In the meantime, instead of riding I've been catching up on emails, and you know what? Checking my emails is a complete waste of time because they're completely ridiculous. Consider this one for example:
My name is John and I'm a founder and CEO behind Surface 604 Element Electric.
Please have a look at our latest videos presenting our e-fatty:
I admit that during our Long Dark Winter of the Soul I found myself pining for a fat bike from time to time. However, the reason I felt this way was because I missed actually riding a bicycle. If I'm not going to do the work myself then I might as well just ride the subway when it snows--though admittedly I'm probably not the target market for this, and an electric fat bike does seem like it would come in handy for those winter trips to your psycho-sexual "True Detective"-style torture shack:
Imagine the muffled whimpers of fear from the duct-taped mouths of the hostages when they hear the telltale sound of crunching snow under voluminous tires that heralds the return of their captor:
("Mmmm, mmmmm, MMMMMM!!!!")
Yes, out here nobody can hear you scream:
Nor can they see your unruly body hair and mistake you for a Sasquatch:
We are interested in advertising on your websites. We just launched a new product called
No Bush Lotion. You can see it at http://www.kingsupplements.com/nobush.html. The product helps reduce the appearance of body hair and is marketed towards athletes of all kind specially cyclists. If you would like to make more money with your blog please contact me and we can work out a deal.
I've been approached by the "No Bush" people before, and their persistence can only mean one thing, so I sent them this email proving my canny ability to read between the lines:
I have yet to receive a reply.
Hey, if you've got a problem with my sub-equatorial coiffure why not just come right out and say it?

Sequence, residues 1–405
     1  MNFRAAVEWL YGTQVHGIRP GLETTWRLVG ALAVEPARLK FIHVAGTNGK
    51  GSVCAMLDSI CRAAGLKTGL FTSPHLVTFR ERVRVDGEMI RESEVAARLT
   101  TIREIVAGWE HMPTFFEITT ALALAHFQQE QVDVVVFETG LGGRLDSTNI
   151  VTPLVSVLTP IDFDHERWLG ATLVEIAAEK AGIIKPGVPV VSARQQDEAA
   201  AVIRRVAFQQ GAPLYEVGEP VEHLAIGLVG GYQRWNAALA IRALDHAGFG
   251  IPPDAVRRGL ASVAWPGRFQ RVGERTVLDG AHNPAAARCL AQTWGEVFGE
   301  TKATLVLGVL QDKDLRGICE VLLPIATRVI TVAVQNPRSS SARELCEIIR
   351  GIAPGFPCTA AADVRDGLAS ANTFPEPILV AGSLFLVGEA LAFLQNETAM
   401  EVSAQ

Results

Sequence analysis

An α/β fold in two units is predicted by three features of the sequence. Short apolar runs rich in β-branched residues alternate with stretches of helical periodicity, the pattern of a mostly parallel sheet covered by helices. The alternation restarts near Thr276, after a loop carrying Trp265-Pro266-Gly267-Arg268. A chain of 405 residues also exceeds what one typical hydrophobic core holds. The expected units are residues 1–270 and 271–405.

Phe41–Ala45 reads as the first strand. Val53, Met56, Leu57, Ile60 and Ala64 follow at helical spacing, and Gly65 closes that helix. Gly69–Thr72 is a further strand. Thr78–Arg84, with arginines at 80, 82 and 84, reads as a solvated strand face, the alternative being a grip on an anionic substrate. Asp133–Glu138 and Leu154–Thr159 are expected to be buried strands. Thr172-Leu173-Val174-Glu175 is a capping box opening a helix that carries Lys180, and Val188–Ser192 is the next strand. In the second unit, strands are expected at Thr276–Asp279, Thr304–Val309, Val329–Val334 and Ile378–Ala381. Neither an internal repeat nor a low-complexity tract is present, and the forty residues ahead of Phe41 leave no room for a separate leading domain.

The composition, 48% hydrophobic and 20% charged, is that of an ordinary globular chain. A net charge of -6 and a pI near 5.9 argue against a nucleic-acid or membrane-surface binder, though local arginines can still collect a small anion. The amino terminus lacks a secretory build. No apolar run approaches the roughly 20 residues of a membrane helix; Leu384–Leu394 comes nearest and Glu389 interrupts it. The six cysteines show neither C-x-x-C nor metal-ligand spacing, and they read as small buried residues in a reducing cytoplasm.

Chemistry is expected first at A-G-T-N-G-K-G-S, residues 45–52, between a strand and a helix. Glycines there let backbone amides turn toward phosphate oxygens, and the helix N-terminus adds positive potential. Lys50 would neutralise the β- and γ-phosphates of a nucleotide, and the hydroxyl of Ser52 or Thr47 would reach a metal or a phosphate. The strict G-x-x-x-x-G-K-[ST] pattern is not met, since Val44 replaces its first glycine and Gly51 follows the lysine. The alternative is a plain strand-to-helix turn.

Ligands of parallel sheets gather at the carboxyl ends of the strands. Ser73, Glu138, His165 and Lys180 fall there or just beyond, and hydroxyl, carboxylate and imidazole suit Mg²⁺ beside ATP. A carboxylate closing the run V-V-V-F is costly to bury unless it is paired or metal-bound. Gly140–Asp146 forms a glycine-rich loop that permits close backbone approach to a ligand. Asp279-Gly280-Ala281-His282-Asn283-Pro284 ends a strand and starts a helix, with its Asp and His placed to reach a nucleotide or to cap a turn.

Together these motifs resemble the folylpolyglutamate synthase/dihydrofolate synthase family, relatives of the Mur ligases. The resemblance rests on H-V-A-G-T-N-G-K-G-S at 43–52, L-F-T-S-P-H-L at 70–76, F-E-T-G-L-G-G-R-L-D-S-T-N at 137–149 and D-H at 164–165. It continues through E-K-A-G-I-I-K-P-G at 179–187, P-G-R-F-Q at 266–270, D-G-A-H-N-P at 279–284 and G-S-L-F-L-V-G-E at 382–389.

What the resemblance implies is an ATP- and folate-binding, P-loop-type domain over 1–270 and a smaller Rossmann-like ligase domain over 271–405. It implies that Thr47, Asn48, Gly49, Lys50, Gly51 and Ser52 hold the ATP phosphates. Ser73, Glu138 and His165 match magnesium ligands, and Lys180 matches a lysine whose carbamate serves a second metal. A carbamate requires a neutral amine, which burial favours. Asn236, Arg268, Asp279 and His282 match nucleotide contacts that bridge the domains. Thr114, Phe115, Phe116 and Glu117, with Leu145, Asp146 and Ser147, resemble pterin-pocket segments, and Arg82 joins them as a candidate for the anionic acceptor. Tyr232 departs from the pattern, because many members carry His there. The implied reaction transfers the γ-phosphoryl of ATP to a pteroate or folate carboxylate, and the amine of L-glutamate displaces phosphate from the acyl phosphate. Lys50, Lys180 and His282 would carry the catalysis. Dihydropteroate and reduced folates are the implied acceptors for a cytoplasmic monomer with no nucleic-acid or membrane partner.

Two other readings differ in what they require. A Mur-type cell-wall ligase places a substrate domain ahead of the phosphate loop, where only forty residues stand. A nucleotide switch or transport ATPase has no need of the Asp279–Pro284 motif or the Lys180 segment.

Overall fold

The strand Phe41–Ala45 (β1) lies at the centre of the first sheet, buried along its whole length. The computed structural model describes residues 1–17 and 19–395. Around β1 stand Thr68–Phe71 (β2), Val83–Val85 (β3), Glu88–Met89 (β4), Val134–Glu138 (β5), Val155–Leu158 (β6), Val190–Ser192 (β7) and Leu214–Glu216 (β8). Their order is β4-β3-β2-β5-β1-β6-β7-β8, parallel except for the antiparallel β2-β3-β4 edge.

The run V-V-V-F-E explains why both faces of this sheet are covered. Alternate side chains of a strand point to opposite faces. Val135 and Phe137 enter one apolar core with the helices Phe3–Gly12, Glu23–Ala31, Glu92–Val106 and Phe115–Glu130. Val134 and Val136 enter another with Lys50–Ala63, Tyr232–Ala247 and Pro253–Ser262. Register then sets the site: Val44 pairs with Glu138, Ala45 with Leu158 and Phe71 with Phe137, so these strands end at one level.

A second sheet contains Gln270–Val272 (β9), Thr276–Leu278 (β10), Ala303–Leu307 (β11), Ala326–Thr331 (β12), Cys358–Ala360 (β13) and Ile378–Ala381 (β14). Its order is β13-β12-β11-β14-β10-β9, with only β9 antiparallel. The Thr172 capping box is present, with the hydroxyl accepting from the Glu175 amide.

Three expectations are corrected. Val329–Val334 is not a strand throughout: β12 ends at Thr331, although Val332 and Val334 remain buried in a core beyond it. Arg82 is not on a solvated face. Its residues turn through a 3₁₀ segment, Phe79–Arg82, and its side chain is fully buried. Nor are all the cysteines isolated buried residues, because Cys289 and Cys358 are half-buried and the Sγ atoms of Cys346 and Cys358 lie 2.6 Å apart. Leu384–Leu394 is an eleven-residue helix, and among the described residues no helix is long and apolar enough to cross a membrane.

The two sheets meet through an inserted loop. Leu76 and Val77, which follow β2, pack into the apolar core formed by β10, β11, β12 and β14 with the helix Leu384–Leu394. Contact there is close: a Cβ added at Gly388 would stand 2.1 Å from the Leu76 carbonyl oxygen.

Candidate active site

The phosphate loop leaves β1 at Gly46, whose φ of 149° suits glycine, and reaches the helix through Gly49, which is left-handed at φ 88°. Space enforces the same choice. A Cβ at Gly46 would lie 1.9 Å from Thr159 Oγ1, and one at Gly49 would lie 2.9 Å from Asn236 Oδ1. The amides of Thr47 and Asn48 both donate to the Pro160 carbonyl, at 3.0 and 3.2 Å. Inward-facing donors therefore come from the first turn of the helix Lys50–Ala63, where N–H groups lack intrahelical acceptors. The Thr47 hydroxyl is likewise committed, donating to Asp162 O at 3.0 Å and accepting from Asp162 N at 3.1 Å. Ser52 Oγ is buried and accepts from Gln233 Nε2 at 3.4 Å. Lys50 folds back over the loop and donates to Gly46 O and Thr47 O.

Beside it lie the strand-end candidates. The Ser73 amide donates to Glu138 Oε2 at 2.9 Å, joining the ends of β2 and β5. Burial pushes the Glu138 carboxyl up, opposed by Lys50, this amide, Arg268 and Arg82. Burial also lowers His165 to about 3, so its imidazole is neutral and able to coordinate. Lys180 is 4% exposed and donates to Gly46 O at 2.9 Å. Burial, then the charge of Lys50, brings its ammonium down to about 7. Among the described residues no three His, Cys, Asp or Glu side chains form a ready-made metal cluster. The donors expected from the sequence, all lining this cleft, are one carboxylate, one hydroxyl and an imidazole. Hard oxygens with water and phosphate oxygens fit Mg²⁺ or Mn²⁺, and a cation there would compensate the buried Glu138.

By the way, the "No Bush" people aren't the only ones who want me to mention their product because they have no idea I've already been mentioning their product. You might recall that not too long ago I posted the video for something called the "MiniBrake," and subsequently I received an email from the unwitting co-founder asking me to do that which I have already done:
I'm Daniel Bognar, co-founder of MiniBrake - we're developing a child safety device that can help parents protect their kids on the road. We've just launched a crowdfunding campaign to help put MiniBrake into production. We're trying to reach out to parents in the cycling communities and I'm wondering whether you're interested in our concept and whether you'll be open to write about this child safety device in your blog.
You can check out our pitch video about the product here:
As I said before, I think the "MiniBrake" would be much more useful on adult bikes. In fact, in addition to so-called "Lawyer Lips," the law should also require all sporting bicycles sold in the United States to be equipped with a MiniBrake. Just imagine a "master switch" on your handlebar that would allow you to stop any Fred or tridork in his tracks. Can you picture the look of surprise and panic on the typical wheelsucking doofus's face as his rear wheel locks up and you leave him pounding on his aerobars wondering what the hell just happened? Sure you can! It's exactly the same look of surprise and panic wheelsucking doofuses wear all the time. They always look like they're about half a second away from crashing, probably because they usually are.